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Robert Hancock (1731-1817) Engraver

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Robert Hancock was born in Badsey, Worcestershire and was baptized there in St James's Church on 7 April 1731was baptised on 7 April 1731. In December of 1745 he was apprenticed to the Birmingham engraver, George Anderton, for a period of 7 years at the costly sum of £30, Anderson being charged a tax on the apprenticeship fee of 15 shillings payable on January 28, 1745/61,  Hancock became an accomplished engraver and in 1756-57 he joined the Worcester Porcelain Company, where Josiah Holdship, one of the early partners, had been instrumental in developing printed decoration. It is said that the earliest over glaze prints, known as ‘smoky primitives were produced at Worcester in the early 1750s and by the mid-1750s underglaze blue printing had been perfected.  With Hancock’s arrival the factory had access to one of the country’s finest ceramic engravers and their production of printed ware was brought to a high degree of perfection.

When the Worcester company was restructured in 1772, Hancock bought into the partnership for a short time but following disagreements he sold his shares in 1774 and ended his association with Worcester a short time afterwards.

From c.1756 to 1774 he created many designs for use on the porcelain body. Some were adapted from contemporary engravings and paintings, particularly those of the French schools; such romantic scenes as Amusements champêtres and Fêtes vénitiennes were derived from compositions by Antoine Watteau (1684-1721). A series of children's games, including Battledore and ShuttlecockBlind Man's Buff and Marbles, are based on a series of compositions engraved by Gravelot (1699-1773). Mugs with portraits of Frederick II, King of Prussia, dated 1757, are based on an engraving by Richard Houston (1721/2-75) after a painting by Antoine Pesne (1683-1757) and are among the best-known examples of Hancock's work. 

The English schools also provided subjects for Hancock's engravings. A half-length portrait of George III decorates Worcester mugs together with one of Queen Charlotte, both likenesses after engravings by James McArdell. Portraits of Admiral Edward Boscawen, General John Manners, the Marquess of Granby and William Pitt decorate mugs, and these likenesses are considered to be among the best of Hancock's work at Worcester. Hancock had two apprentices, Valentine Green (1739-1813) and James Ross (1745-1821), both of whom later became well-known engravers.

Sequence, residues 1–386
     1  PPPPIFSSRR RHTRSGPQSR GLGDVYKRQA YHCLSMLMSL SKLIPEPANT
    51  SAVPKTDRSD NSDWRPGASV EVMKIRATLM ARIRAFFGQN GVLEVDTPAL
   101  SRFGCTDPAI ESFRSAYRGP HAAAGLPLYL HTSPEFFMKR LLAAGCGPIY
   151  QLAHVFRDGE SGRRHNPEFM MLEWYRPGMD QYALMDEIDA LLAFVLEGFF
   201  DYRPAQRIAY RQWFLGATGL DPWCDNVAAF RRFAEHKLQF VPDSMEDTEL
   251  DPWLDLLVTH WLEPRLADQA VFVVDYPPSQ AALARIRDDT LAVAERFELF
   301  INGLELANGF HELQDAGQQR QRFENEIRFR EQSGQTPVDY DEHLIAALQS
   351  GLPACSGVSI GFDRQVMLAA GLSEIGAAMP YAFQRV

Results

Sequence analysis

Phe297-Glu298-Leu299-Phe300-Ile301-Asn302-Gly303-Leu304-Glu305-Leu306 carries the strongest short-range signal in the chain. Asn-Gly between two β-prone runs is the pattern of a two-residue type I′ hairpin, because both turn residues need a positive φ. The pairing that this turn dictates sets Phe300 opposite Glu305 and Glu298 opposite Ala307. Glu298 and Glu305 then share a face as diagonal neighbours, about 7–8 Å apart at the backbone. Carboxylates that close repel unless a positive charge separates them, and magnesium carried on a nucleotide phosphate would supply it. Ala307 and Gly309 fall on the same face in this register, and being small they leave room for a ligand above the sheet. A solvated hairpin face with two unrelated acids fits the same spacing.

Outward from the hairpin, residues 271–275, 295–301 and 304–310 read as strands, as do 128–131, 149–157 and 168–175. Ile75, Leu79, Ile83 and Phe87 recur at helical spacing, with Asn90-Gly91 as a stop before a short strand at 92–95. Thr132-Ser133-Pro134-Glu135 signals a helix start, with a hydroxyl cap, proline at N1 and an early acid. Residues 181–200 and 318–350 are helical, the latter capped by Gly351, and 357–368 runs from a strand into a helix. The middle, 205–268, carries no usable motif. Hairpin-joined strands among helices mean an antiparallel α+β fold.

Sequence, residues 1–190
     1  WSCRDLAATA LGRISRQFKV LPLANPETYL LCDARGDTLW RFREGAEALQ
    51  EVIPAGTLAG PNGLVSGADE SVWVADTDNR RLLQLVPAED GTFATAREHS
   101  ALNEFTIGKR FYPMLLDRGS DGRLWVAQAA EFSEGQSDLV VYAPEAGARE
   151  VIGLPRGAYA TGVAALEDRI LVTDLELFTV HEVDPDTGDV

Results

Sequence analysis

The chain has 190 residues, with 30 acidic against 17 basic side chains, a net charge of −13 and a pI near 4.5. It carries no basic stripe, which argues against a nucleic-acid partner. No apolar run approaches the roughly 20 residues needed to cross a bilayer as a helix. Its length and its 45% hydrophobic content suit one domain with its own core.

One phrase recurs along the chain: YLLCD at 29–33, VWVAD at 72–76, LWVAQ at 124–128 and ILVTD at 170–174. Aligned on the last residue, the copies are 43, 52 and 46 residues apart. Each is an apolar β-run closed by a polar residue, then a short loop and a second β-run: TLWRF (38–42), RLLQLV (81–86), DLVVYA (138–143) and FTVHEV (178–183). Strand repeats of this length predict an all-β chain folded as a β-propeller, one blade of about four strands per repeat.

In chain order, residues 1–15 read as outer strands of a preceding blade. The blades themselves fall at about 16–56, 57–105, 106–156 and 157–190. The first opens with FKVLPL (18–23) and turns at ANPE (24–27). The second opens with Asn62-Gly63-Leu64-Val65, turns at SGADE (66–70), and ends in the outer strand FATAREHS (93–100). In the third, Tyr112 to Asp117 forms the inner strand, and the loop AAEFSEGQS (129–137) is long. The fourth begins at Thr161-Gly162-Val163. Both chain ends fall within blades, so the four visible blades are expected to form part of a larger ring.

After his departure from Worcester in 1775, Hancock allegedly worked as an agent or partner at Caughley, the pottery works by then part owned by his former apprentice at Worcester, Thomas Turner. From 1780 onwards the artist seems to have worked primarily on mezzotint and stipple portraits and engraved book illustrations. Of his later life little is known, he died on 14 October, 1817 and was buried in Brislington Churchyard two miles from Bristol.

1. Ancestry.com. UK, Register of Duties Paid for Apprentices' Indentures, 1710-1811[database on-line].  © Crown Copyright Images reproduced by courtesy of The National Archives, London, England (accessed online September 14, 2013)


Cook, Cyril. 1948. The life and work of Robert Hancock; an account of the life of the 18th century engraver and of his designs on Battersea and Staffordshire enamels and Bow and Worcester porcelain. London: Chapman and Hall

Dawson, Aileen. 2009. The art of Worcester porcelain, 1751-1788: masterpieces from the British Museum collection. Hanover, N.H.: University Press of New England.